a·cu·men [ak-yuh-muhn] noun: keen insight; shrewdness

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Saturday, 25 August 2012

08/25/12 Point Production By Age and the Implications For Edmonton

At what age do players peak in the NHL? At what age do they begin to decline? These are questions that will be important to the Oilers in years to come. Though at the moment there's nowhere to go but up, eventually the window will close. How much time do the Oilers have?

To try to answer that question, I looked back at the top 100 NHL scorers through the ages of 18 to 37 from the 1969-70 season to the present. I added the total point production from each group and used the average for the chart above. It's worth noting that these aren't always the same players, just the best of a certain age group.


It doesn't take a statistical genius to follow the way players perform as they age. The 100 most prolific players from 1969-70 to now went from mediocre 18 year olds to spectacular in a hurry, and then after the age of 26 things begin to slowly fall off.

It doesn't always hold true that a particular player gets worse as the years drag on, but for the group that seems to be the trend. The good news for the Oilers is that most of their best players should still be on their way up, as they have yet to reach their mid-twenties.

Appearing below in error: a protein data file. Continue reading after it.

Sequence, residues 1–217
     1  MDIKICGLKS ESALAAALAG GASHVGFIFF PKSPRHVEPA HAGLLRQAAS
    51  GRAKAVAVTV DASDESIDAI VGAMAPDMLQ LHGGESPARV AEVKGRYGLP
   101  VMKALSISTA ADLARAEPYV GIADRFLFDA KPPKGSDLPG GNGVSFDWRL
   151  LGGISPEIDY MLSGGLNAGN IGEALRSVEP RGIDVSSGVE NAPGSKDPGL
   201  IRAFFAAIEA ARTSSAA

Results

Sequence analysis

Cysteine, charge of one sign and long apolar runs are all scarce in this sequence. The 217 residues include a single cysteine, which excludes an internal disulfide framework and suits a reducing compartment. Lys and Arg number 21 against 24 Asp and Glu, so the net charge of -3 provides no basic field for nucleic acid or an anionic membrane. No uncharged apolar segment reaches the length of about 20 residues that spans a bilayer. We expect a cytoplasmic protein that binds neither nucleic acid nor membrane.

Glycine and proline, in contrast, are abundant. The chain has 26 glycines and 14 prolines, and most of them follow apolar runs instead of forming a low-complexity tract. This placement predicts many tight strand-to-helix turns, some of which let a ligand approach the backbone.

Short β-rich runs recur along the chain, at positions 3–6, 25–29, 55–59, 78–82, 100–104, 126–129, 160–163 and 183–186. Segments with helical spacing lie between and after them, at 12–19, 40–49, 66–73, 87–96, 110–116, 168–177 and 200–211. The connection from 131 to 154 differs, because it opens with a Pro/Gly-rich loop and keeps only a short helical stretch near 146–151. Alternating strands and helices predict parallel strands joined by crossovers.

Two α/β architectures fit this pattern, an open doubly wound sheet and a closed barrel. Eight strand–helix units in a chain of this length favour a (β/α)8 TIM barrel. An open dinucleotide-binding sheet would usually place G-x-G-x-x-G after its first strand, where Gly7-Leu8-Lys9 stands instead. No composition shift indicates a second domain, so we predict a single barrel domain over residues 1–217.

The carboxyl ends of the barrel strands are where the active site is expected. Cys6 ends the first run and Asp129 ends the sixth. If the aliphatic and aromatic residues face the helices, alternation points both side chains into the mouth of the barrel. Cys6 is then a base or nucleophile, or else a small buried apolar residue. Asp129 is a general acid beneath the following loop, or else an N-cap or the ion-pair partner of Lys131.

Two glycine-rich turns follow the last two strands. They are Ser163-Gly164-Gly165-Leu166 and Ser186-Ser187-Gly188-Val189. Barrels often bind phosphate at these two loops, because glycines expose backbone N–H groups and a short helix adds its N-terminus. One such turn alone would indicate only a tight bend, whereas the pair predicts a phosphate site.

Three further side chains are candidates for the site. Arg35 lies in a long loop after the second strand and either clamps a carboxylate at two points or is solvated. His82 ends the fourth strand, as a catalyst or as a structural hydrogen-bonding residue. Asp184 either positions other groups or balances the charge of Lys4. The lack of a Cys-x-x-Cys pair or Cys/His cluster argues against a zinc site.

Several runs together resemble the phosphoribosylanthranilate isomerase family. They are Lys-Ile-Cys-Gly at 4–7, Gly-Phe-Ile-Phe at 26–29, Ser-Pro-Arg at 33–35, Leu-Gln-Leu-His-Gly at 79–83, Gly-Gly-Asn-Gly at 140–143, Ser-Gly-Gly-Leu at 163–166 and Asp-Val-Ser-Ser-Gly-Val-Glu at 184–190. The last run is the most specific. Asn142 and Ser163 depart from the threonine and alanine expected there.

Point production isn't everything, though. These young Oilers will gain a lot of valuable experience as they spend more time in the league, and it may not be a simple matter of scoring goals that gets them to the ultimate prize.

On the other hand, point production from players does have a shelf life, and based on the top 100 of a particular age, it seems that things start to go south at around 27 years old.

That means that we should expect Taylor Hall to begin his elite-level production in this coming season, and stay there for at least five more. Jordan Eberle was 21 for the 2011-12 season, so it makes sense that he would be in the range of rising point-producers. Based solely on the trends from the chart above, Sam Gagner should be able to better his 22 year old season before he ultimately falls into a slow decline a few years from now. Nugent-Hopkins has more room to grow than any of the group except Yakupov, and it will be interesting to see how his development follows the curve.

This chart shows why it is so important to accumulate young talent in a cluster. The Oilers will have their best players reaching their peak years all at the same time, which is a difficult thing to do in the NHL. More often than not, players get big contracts based on what they have done and not what they will do, so it's great for the Oilers to have a plethora of young, rising players who can be held onto for a relative bargain price. In a cap world, that's paramount.

Will it translate into Stanley Cups? Only time will tell, but the Oilers have put themselves into a very good position to be successful.

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